Child Life Specialist Shares Back-to-School Reminder: Pack the Kindness, Gratitude and Honesty
Their character, in terms of their kindness, gratitude, honesty, and making good choices, will carry them further than any other detail of the year.
By Ashley Pagenkopf, MS, CCLS, Child Life Specialist at Cook Children's
We’ve all bought the desired backpack or lunch box, purchased the needed clothes and shoes, and reviewed class schedules and lists with a fine-toothed comb. As parents and caregivers, so much detail and organization goes into getting things ready for going back to school.
Every one of my girls has a different priority - how many classes do they have with a friend, if they made it into the class they hoped for, if they got the teacher they wanted, and do they get to do the activity this year that they really want to do.
All of our priorities collide and we forget the most important priority is who we are in the midst of all of these things. As we prepare our kids for returning to school, it can be easy to get caught up in the supplies, schedules and activities. However, preparing our kids for the character traits they will need throughout the year and their lives is also important.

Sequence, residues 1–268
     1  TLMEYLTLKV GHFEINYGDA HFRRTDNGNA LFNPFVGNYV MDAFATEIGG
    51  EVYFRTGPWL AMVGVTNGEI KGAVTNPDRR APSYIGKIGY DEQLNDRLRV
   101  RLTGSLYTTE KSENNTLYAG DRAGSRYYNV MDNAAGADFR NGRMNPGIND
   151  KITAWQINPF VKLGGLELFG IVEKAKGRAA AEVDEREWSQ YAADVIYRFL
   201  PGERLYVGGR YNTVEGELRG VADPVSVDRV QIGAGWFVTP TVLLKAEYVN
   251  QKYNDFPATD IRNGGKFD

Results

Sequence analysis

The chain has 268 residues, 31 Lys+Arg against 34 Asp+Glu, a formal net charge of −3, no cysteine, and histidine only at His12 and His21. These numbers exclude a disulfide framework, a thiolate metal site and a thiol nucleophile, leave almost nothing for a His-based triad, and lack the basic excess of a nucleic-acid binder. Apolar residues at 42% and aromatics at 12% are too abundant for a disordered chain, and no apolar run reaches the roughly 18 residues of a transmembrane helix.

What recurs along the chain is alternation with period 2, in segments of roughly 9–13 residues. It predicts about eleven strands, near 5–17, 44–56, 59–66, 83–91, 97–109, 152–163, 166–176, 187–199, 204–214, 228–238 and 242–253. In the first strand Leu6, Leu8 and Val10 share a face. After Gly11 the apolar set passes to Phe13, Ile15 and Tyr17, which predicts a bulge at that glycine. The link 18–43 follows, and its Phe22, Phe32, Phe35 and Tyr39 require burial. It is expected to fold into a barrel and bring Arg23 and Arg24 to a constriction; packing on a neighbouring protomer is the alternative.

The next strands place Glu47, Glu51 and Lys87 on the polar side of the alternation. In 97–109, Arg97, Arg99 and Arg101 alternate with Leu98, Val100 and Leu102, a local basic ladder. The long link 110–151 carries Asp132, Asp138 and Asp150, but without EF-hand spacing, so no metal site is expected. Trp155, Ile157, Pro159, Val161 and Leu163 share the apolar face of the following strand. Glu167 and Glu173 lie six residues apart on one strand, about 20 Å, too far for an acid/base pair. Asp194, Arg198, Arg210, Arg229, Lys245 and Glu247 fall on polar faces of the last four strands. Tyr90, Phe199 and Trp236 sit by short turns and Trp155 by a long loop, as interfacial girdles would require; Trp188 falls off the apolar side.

If I focus on just the year in front of me, I can get a little overwhelmed with the extras and forget that my kids’ integrity matters most. Their character, in terms of their kindness, gratitude, honesty, and making good choices, will carry them further than any other detail of the year.
Kindness is not the easiest way all the time. It takes work and fortitude. Choosing kindness is intentional and as an adult, I need reminders and help to choose kindness when others are not.
Our kids need even more help with this. They need ideas and help processing exactly what kindness looks like when they really don’t feel kind toward someone.
Sharing with someone who never shares, helping the person that doesn’t help you, responding softly when others use their words to hurt – all of these things and more are hard but effective in the long game of life.
This is not something that comes naturally. It is important to remind our kids that we don’t know everyone’s story or even all of their story.
We want to be people and raise people that leave a positive mark on others’ lives. So, while we aren’t wanting to kill anyone with kindness, we can be certain that kindness will overshadow meanness every time.